There’s nothing like a playoff meeting with a trip to the MLS Cup final on the line to heat up the rivalry between the Montreal Impact and Toronto FC.
The opening leg of the two-game, total-goals Eastern Conference final on Nov. 22 will be the sixth meeting of the year between the clubs from Canada’s two largest cities, whose fans already trade nasty chants.
But this game, and the return leg Nov. 30 in Toronto, will be their biggest showdown since Montreal joined MLS in 2012.
“It’s Toronto-Montreal, so I think the hatred is built in from the start,” Montreal goalkeeper Evan Bush said Friday. “You don’t have to play them six times to figure that out.
“We play them a lot, whether it’s regular season, Canadian Cup and now the playoffs, but we wouldn’t have it any other way. You want to play in big rivalry games. Regardless of what people say, there’s going to be a different feel to it knowing we’re playing Toronto FC in a conference final, as opposed to Columbus or New York or whoever.”
The winner will play in the championship game Dec. 10 against either Seattle or Colorado.
Last year’s rout to Impact still fresh
The rivalry started to pick up last year when Toronto made the playoffs for the first time in nine MLS seasons only to be routed 3-0 in the single-game opening round in Montreal. It was a setback TFC players have not forgotten.
“It’s a pain in our heart and our mind,” TFC midfielder Benoit Cheyrou said this week.
Veteran defender Drew Moor, who joined Toronto in the off-season as a free agent from Colorado, did not have to wait long to learn of the Toronto-Montreal rivalry.
“It’s very evident around here how this whole organization and certainly the fanbase feels about Montreal,” Moor said in February during pre-season in Florida. “In fact my Twitter feed, when I first came over, was filled with (fans saying) ‘OK, No. 1, we hate Montreal.”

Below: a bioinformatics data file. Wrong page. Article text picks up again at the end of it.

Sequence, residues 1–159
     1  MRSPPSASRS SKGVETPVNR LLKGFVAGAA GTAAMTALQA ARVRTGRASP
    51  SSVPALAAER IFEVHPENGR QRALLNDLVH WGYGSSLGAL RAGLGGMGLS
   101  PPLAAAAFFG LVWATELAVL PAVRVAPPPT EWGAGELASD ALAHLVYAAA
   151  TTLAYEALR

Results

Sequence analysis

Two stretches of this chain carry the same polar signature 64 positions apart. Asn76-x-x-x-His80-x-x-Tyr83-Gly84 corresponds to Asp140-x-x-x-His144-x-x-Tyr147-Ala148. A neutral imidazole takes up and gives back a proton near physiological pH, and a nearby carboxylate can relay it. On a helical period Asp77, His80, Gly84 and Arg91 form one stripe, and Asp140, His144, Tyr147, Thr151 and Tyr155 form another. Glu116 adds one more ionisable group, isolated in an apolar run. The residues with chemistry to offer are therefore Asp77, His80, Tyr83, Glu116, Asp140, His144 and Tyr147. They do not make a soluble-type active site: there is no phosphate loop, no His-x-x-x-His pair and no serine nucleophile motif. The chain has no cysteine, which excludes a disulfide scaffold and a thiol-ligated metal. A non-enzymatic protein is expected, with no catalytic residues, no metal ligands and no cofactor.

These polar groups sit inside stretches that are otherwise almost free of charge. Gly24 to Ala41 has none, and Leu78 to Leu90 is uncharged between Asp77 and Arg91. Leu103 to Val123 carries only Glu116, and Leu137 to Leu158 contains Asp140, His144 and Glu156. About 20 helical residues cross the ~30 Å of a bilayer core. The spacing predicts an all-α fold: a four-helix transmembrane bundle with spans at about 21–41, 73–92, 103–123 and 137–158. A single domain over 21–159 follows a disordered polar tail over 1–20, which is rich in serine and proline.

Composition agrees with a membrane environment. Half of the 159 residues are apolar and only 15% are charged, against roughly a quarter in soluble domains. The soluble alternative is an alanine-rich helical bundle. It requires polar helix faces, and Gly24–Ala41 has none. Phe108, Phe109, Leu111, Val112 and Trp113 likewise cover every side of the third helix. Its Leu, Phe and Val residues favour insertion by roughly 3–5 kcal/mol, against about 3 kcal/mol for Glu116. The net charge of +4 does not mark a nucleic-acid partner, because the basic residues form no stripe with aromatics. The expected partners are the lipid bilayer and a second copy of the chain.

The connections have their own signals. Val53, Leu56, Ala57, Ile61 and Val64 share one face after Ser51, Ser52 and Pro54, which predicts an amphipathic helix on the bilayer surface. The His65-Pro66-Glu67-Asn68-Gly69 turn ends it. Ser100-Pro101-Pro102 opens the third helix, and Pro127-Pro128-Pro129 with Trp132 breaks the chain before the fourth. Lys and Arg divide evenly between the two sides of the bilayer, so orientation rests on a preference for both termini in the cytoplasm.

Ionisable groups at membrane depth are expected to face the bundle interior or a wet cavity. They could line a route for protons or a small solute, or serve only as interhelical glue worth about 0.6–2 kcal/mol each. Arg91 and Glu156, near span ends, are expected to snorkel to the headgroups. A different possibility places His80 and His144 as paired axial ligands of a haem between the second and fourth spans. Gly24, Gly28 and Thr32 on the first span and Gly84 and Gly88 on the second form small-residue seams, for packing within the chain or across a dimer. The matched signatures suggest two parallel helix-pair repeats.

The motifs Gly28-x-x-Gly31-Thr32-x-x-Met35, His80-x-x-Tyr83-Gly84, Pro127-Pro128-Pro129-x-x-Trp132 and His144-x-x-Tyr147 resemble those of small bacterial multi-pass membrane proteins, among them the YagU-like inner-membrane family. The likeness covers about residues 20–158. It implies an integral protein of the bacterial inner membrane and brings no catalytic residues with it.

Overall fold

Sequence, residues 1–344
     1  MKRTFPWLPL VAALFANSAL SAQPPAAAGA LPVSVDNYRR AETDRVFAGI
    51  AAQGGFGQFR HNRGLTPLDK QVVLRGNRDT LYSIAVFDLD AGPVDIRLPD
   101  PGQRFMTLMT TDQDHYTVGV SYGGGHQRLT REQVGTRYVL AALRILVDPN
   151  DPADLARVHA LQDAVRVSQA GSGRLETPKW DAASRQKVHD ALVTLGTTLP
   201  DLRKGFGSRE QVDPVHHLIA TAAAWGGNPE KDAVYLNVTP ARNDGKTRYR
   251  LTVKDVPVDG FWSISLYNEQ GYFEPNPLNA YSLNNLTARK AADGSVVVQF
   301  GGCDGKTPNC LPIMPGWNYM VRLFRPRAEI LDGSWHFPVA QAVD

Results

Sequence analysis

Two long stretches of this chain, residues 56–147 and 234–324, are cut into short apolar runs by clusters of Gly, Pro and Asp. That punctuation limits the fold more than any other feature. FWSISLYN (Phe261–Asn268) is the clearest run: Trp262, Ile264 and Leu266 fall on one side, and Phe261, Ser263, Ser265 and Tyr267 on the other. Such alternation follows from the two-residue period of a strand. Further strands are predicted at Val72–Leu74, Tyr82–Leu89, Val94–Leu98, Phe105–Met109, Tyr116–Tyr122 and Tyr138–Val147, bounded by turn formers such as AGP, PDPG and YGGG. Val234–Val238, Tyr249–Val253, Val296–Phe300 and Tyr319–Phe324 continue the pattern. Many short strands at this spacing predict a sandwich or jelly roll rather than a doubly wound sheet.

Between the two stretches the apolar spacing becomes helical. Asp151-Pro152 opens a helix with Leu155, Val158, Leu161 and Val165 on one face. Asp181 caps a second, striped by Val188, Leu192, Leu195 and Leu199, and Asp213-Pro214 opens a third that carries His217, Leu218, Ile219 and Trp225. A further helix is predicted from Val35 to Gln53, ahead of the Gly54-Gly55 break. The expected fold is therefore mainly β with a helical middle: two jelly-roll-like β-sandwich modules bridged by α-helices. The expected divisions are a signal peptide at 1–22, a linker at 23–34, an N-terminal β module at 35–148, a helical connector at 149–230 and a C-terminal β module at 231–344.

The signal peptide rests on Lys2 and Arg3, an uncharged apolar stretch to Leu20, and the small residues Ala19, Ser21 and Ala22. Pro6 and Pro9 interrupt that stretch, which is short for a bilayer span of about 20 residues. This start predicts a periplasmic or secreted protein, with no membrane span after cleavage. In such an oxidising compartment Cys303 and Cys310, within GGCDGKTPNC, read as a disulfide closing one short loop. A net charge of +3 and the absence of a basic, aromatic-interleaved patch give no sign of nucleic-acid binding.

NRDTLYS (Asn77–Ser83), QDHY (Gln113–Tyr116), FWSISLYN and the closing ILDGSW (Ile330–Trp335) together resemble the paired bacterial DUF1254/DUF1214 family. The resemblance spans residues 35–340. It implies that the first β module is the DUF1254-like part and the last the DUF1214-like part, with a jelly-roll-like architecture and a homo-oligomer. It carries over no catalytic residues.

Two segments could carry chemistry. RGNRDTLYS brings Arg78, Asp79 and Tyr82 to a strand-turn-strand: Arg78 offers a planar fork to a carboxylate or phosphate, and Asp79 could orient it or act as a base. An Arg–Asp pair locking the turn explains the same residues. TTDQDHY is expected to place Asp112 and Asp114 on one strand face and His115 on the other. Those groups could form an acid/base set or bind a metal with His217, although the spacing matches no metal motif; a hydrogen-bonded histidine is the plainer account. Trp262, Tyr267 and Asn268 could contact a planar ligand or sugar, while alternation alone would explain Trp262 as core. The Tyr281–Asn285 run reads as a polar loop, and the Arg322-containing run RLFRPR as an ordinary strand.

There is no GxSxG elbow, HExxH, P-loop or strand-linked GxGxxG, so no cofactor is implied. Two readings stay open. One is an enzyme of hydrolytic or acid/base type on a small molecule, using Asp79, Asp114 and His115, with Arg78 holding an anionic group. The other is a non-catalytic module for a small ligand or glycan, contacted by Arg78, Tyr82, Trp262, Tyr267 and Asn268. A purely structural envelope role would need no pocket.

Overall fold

Both teams full of confidence
Both went into this season confident they could challenge for the championship, and both backed it up by battling their way up to their conference final showdown. Both won their first round matches easily and then upset higher seeds in the conference semifinals, with Montreal ousting the first-place New York Red Bulls 3-1 on aggregate and TFC swamping second-place New York City FC 7-0.
Toronto held a 2-1-2 edge in head-to-head meetings with Montreal this season, including a 4-2 aggregate win in Amway Canadian Championship play in June.
On April 23, TFC put on a clinic of defence and quick strike scoring in a 2-0 victory in Montreal, but the Impact repaid the favour with a 1-0 win at BMO Field on Aug. 27, their first-ever victory in Toronto. The teams played to a 2-2 draw in the regular-season rubber match Oct. 16 in Montreal.
No ‘hate’ between players
The Impact had a player sent off in three consecutive games. There was a scuffle when Patrice Bernier was shown the red card for a nasty tackle in Cup play in Toronto, a head butt by Lucas Ontivero in the return leg, and more bad blood when Montreal’s Calum Mallace bodychecked Steven Beitashour in Montreal’s lone win.
Even so, Bush insists “hate” between the teams shouldn’t be a part of the discussion.
“C’mon man, it’s not like that,” said Bush. “We’re fully aware of the rivalry and the hatred between the cities and the fans but a lot of us have played against each other for different teams for many years.
“To say there’s a hatred just because he’s wearing a certain jersey doesn’t resonate with me.”
There is sure to be plenty of emotion and atmosphere for the matches. Ticket sales for the first leg in the domed Olympic Stadium passed 50,000 on Friday and a sellout of more than 60,000 is quite possible.